Still according to NBR 13.816 / 1997, there are three layers that make up the ceramic plates, the first one being the support, the lower face, formed of clay and other raw materials, in which the enamel, according to the engobe, is applied. waterproof the piece and ensures the adhesion of the third layer, which is the enamel, a glass layer that also waterproof, and decorate one of the faces of the plate.

The ceramic coating has as main functions to decorate and protect. The protection of the base, which are the walls and floors. And decorating, when finishing the environment.

4. Ceramics and their classes

In order for the ceramic coating to arrive at the expected result, it is necessary to choose the right material.  According to the National Institute of Metrology, Quality and Technology (INMETRO) It has several classifications according to its properties as: water absorption, breaking strength, mechanical impact resistance, abrasion resistance, among others. But to make the choice also, one must consider the climate and the place of use. The table below shows the classification of water absorption and some of its characteristics.

Table 1 – Classes of ceramic coating and water absorption

Nomenclature ISO Group Water Absorption
Porcelain Bia 0 to 0.5%
Stoneware BIb 0.5 to 3%
Semi-stoneware BIIa 3 to 6%
Semi-Porous BIIb 6 to 10%
Porous BIII 10 to 20%

Source: Adapted from INMETRO, Ceramic Coatings (floors and tiles) (2017)

  1. Porcelanato: It is a type of ceramic that has as its highest qualities the low water absorption and the high resistance to abrasion, uniformity of coloration and in addition it is easy to clean because it does not accumulate fat. Because of these characteristics it is suitable for large or high traffic places, since the product has good durability and does not require great efforts to maintain it;
  2. Stoneware: It is a type of ceramic that can be used in any environment, despite having more water absorption than porcelain, it still has low values, it is also suitable for resistance to physical and chemical abrasion, high mechanical resistance and presence of enamelling;
  3. Semi-stoneware: It is a type of ceramic similar to stoneware, but it absorbs more water and has less resistance, which are properties that directly influence the quality of the piece, so the semi-stoneware tiles are inferior to those of stoneware;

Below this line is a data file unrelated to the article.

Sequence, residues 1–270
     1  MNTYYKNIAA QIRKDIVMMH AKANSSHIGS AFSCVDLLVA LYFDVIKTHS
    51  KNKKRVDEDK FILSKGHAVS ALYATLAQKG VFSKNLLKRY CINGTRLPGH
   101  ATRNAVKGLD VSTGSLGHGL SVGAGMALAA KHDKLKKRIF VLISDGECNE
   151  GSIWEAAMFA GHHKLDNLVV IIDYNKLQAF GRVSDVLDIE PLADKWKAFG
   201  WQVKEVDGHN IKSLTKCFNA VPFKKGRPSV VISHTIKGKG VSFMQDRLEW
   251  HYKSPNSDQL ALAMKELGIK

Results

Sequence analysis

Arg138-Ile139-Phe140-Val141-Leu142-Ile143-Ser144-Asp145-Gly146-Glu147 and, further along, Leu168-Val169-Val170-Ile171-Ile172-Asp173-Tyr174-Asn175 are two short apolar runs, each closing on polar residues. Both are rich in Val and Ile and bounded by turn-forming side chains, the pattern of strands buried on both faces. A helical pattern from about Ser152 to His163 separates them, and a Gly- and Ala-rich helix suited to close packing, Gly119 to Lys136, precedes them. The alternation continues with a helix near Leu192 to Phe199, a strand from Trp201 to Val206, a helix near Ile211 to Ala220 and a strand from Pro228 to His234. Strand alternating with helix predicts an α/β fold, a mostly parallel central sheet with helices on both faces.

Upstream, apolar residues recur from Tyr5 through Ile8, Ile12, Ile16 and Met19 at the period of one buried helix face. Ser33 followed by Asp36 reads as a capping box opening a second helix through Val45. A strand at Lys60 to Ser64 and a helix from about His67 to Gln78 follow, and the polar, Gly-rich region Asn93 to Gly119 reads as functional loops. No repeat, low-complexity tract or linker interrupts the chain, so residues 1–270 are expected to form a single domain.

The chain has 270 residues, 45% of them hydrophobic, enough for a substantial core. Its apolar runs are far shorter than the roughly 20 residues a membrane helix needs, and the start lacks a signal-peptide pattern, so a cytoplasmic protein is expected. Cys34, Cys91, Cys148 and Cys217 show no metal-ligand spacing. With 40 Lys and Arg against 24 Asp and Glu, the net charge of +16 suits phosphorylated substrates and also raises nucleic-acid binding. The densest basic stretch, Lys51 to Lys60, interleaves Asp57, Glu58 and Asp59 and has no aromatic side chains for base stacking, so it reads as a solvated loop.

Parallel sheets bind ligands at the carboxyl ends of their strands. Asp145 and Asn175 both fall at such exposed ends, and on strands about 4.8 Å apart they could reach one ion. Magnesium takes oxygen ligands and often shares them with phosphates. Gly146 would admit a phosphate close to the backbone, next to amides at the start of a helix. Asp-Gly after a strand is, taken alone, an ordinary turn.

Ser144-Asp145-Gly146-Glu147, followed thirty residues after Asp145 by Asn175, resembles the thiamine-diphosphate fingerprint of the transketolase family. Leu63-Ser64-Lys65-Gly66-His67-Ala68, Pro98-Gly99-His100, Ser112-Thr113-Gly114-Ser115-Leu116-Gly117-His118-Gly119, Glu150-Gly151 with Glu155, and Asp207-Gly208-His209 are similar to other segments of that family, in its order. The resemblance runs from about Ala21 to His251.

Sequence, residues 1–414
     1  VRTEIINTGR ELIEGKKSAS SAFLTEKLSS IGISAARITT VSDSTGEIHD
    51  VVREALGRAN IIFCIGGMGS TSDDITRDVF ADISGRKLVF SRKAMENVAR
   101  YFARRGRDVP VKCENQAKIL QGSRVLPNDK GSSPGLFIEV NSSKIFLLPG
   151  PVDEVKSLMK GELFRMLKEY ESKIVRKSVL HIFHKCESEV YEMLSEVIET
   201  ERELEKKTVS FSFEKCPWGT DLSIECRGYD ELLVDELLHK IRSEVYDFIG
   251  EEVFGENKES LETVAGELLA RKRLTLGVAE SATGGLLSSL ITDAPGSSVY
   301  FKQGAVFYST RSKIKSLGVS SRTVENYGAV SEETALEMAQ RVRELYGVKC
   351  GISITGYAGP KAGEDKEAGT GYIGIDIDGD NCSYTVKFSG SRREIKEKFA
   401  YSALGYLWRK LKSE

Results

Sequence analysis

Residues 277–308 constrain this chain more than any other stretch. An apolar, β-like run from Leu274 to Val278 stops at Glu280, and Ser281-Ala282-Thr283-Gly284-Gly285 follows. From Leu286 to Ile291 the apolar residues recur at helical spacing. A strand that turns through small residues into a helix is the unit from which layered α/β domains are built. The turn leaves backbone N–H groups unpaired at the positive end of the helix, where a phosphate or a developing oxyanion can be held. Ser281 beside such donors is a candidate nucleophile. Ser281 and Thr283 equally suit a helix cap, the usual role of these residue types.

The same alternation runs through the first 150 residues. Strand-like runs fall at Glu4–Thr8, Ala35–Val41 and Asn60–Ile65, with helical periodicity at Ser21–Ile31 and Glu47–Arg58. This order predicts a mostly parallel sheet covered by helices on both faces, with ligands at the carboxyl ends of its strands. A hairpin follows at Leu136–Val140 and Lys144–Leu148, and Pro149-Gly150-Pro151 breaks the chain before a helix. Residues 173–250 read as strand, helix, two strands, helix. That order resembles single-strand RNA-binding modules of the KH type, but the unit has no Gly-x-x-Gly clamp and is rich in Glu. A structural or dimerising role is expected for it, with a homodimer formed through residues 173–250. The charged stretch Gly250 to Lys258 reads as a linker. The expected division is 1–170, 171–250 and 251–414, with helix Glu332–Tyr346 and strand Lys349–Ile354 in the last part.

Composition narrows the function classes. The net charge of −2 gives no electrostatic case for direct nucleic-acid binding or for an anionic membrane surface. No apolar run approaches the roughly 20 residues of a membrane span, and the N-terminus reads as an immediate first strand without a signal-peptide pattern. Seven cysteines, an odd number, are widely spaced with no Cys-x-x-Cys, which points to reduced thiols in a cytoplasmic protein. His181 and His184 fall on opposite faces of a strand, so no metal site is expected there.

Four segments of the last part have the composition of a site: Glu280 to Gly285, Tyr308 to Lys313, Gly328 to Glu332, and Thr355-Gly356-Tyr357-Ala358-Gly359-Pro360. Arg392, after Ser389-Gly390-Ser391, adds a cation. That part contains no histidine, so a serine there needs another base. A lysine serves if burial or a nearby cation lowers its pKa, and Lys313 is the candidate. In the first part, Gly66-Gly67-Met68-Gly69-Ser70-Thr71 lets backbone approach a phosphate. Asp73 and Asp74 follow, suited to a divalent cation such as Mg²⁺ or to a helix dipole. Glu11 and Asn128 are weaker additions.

4. Semi-porous: It is a type of ceramic that presents of average to the high absorption of water and average mechanical resistance. It resembles the porous class, but can be applied to both floor and wall;
  5. Porous: It is a type of ceramics commonly used for internal walls. It has characteristics like good limpability, high water absorption values, the presence of enamelling, good resistance to thermal shock and low thermal conductivity.

5. Ceramic and subfloor executive process

According to NBR 13.753 / 1996 to begin the process of laying ceramic tiles, it is necessary first to check some items, such as: the equipment and / or production tools, if they are in the proper conditions for use; if it has been finished for at least 14 days and the trim is presented when necessary; waterproofing in wet areas, if it is made and verified with its mechanical protection; if they are installed and checked; and still the base, if it is clean and without rest of mortar, rubble and other materials that can intervene in the adhesion of the plates.

Also according to NBR 13.753 / 1996, the laying should be done as follows: the mortar should be prepared in a plastic container and sanitized, it should rest for 15 minutes and be mixed again after that time; it is necessary to verify if the height of the mortar string is approximately 8mm for the laying of the ceramics; the mortar should be applied against the tardoz (side of the ceramic piece that is in contact with the mortar), first with the flat side of the trowel, then the toothed side; the piece should be seated on the mortar, checking if there was adhesion in all its extension; and when the mortar begins to harden, clean the joints.

The NBR 13.753 / 1996 still delimits the care that must be taken with the execution of the subfloor, or dead floor, which are the following: it must be carried out on the base or on the intermediate layer, being after at least seven of the completion of the layer bottom; the thickness of the subfloor must be between 15mm and 25mm; it must be carried out at least seven days in advance of the laying of the ceramic coating, in order to reduce the retraction effect of the mortar on the ceramic floor to be executed; and further states that the surface from which the slabs will be seated shall be free from anything that could impair the adherence of the mortar of the subfloor.